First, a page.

Monday, October 19, 2009

Schizophrenia, art appreciation and jumping to conclusions

People with schizophrenia are more likely to jump to conclusions about things than other people. In one experiment participants were asked to judge whether a jar contained more of one or another colour of beads as they were pulled out, one by one; compared to other people people with schizophrenia made early, premature and incautious decisions in 40-70% of cases. Researchers are unsure whether this is because people with schizophrenia are anxious and don't cope with uncertainty very well or because they have a lower threshold for believing things than other people - something psychologists call liberal acceptance. A team of researchers from Germany and Canada investigated this further by showing 27 people with schizophrenia and 32 without pictures of obscure paintings. The paintings were given four alternative titles, one correct and three wrong ones. The participants were asked to rate the likelihood that each title was the correct one and could - but did not have to - make a decision about which was the right one. While they were doing this either happy, anxiety-making or no music was played in the background. People with schizophrenia were more likely to make a decision about the title of the paintings even if two of the alternatives were very close to one another. They were also more likely to give higher marks to some of the more implausible titles. Overall there was no difference in people jumping to conclusions while they were being played the anxiety-making music but people currently experiencing delusions were more likely to jump to conclusions while listening to it.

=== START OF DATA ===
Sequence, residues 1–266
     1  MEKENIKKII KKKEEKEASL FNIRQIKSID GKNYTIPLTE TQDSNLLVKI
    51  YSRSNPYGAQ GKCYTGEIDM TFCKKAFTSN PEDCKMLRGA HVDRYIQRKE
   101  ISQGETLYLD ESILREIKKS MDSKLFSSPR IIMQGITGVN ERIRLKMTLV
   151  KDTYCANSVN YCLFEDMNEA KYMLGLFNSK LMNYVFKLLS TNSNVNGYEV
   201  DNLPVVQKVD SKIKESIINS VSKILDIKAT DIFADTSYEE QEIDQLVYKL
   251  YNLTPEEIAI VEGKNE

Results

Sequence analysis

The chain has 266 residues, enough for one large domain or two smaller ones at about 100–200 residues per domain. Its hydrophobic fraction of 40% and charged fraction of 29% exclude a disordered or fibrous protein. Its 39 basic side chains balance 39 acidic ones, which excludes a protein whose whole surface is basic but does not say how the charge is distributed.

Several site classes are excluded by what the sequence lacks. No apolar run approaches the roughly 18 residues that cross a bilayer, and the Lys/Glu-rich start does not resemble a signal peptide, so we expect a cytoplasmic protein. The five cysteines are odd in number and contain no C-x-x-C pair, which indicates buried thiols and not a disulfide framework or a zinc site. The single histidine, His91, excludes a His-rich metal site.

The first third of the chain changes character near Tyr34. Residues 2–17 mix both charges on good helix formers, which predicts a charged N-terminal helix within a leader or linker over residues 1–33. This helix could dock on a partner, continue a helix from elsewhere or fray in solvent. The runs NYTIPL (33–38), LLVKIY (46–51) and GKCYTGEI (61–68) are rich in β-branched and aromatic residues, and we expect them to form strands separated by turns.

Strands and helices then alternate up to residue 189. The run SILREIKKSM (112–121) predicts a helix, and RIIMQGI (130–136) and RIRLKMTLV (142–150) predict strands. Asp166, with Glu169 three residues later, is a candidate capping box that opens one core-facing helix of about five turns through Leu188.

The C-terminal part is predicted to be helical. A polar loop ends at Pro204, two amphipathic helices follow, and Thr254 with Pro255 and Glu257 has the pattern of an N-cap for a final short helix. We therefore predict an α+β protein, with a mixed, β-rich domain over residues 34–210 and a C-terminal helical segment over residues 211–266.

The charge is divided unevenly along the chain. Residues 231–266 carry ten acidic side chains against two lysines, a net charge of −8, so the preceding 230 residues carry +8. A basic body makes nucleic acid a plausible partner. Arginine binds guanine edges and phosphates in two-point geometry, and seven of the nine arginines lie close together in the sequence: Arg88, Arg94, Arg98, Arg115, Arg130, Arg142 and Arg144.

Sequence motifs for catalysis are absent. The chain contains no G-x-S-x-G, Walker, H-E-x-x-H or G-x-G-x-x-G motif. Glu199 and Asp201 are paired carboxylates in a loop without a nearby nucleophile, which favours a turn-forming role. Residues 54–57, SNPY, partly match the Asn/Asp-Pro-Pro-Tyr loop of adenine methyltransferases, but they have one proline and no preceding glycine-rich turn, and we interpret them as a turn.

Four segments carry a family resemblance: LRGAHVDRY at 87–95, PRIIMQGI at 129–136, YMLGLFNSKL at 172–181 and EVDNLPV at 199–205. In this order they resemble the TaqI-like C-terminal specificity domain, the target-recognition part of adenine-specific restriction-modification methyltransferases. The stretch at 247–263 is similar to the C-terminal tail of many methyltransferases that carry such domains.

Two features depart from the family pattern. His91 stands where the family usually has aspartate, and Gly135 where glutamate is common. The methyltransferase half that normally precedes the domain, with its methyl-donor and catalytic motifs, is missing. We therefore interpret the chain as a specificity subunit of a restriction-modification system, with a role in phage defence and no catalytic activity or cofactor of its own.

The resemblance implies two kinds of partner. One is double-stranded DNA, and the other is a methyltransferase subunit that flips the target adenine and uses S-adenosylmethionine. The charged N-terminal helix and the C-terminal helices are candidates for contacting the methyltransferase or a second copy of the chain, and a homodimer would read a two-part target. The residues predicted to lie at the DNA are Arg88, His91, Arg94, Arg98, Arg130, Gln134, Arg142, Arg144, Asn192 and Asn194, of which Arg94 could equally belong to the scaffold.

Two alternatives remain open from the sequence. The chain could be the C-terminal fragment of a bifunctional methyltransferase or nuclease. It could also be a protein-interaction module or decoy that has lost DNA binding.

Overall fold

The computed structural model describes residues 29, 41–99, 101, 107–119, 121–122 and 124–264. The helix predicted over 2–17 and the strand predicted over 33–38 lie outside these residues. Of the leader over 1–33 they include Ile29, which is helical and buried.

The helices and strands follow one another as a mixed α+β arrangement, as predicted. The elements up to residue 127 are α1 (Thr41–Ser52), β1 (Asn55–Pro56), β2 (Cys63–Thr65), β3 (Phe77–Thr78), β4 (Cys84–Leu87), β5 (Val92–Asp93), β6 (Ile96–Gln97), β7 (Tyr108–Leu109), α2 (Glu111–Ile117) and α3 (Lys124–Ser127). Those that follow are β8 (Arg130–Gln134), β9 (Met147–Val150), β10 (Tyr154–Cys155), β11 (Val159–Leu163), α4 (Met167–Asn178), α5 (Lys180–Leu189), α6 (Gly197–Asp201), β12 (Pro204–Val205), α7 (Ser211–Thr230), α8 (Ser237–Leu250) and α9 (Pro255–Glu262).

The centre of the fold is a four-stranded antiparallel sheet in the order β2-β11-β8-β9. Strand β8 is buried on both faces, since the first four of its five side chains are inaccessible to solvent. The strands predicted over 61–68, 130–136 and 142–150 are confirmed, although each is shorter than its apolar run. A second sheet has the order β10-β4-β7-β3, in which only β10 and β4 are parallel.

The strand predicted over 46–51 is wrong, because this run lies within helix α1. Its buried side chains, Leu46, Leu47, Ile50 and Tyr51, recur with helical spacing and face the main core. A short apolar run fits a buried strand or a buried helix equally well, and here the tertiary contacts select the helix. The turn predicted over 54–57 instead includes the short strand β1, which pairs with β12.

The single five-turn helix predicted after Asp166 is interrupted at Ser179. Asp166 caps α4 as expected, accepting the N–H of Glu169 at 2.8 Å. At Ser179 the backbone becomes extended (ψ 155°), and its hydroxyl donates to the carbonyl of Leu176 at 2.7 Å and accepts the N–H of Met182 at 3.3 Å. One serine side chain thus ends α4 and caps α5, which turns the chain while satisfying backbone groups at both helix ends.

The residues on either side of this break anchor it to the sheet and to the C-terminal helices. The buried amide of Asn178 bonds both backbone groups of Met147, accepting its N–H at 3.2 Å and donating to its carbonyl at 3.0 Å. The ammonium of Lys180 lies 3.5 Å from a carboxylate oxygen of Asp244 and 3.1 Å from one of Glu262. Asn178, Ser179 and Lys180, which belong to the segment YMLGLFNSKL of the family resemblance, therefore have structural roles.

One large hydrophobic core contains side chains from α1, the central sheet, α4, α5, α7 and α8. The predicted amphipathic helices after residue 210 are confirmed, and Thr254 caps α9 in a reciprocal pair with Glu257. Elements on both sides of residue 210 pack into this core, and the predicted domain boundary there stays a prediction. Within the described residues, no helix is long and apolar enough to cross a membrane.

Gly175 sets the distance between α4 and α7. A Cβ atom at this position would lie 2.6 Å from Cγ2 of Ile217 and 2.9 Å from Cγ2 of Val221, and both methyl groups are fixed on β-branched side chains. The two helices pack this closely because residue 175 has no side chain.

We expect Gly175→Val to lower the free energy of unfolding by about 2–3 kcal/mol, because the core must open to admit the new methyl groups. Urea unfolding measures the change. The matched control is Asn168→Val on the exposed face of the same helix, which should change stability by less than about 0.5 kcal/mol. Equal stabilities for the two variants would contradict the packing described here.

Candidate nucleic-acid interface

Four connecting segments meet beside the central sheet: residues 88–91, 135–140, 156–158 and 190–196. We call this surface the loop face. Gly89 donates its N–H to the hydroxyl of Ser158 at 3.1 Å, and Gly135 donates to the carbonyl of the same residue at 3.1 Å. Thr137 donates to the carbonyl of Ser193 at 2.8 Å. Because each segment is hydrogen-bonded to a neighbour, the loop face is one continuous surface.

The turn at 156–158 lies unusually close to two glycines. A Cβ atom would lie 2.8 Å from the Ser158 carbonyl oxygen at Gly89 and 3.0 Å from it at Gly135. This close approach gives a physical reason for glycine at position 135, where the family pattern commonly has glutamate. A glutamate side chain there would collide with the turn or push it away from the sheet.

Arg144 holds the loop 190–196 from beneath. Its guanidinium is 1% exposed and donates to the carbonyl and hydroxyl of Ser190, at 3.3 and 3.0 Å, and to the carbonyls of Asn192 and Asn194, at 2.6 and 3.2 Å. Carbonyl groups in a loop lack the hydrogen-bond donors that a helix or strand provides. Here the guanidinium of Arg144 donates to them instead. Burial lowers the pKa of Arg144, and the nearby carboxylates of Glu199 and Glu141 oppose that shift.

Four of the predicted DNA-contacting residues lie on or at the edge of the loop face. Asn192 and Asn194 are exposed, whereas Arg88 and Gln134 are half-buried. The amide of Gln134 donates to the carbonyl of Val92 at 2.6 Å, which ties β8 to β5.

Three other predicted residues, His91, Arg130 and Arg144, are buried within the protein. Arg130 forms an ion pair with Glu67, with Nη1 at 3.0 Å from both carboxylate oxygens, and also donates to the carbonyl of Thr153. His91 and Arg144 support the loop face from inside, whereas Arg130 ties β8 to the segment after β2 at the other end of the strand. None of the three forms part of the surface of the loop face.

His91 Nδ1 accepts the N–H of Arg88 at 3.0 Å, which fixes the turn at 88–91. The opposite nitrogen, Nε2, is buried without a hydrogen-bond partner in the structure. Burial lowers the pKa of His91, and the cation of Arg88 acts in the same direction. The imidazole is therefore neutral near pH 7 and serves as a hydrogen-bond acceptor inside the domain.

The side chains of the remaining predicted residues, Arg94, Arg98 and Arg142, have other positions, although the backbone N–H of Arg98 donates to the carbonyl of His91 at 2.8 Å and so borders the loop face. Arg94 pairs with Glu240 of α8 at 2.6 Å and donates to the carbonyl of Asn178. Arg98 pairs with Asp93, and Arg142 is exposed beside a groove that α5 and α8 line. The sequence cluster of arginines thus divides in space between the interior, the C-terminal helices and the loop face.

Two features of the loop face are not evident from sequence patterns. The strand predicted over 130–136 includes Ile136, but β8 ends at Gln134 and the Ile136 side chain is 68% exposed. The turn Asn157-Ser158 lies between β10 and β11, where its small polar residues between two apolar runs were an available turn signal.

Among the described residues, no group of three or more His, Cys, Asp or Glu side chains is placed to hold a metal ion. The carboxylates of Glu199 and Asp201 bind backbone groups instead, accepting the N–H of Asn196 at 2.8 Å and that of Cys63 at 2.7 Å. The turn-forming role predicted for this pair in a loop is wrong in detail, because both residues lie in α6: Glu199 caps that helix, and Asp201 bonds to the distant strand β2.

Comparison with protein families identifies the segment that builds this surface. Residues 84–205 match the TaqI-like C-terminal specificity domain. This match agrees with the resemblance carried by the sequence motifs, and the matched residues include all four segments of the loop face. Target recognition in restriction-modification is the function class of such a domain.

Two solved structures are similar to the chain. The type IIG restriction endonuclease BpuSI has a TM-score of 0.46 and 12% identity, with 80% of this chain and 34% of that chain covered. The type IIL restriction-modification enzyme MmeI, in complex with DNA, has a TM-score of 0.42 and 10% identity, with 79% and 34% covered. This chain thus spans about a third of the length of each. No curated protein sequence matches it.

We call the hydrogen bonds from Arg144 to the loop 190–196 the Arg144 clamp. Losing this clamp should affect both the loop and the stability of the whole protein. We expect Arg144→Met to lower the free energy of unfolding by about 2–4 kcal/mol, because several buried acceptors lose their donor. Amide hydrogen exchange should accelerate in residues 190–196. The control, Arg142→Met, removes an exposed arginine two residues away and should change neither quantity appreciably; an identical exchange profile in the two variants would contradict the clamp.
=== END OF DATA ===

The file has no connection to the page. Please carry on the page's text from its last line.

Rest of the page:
Moritz, S. ... [et al] - Decision making under uncertainty and mood induction: further evidence for liberal acceptance in schizophrenia Psychological Medicine November 2009, 39(11), 1821-1829

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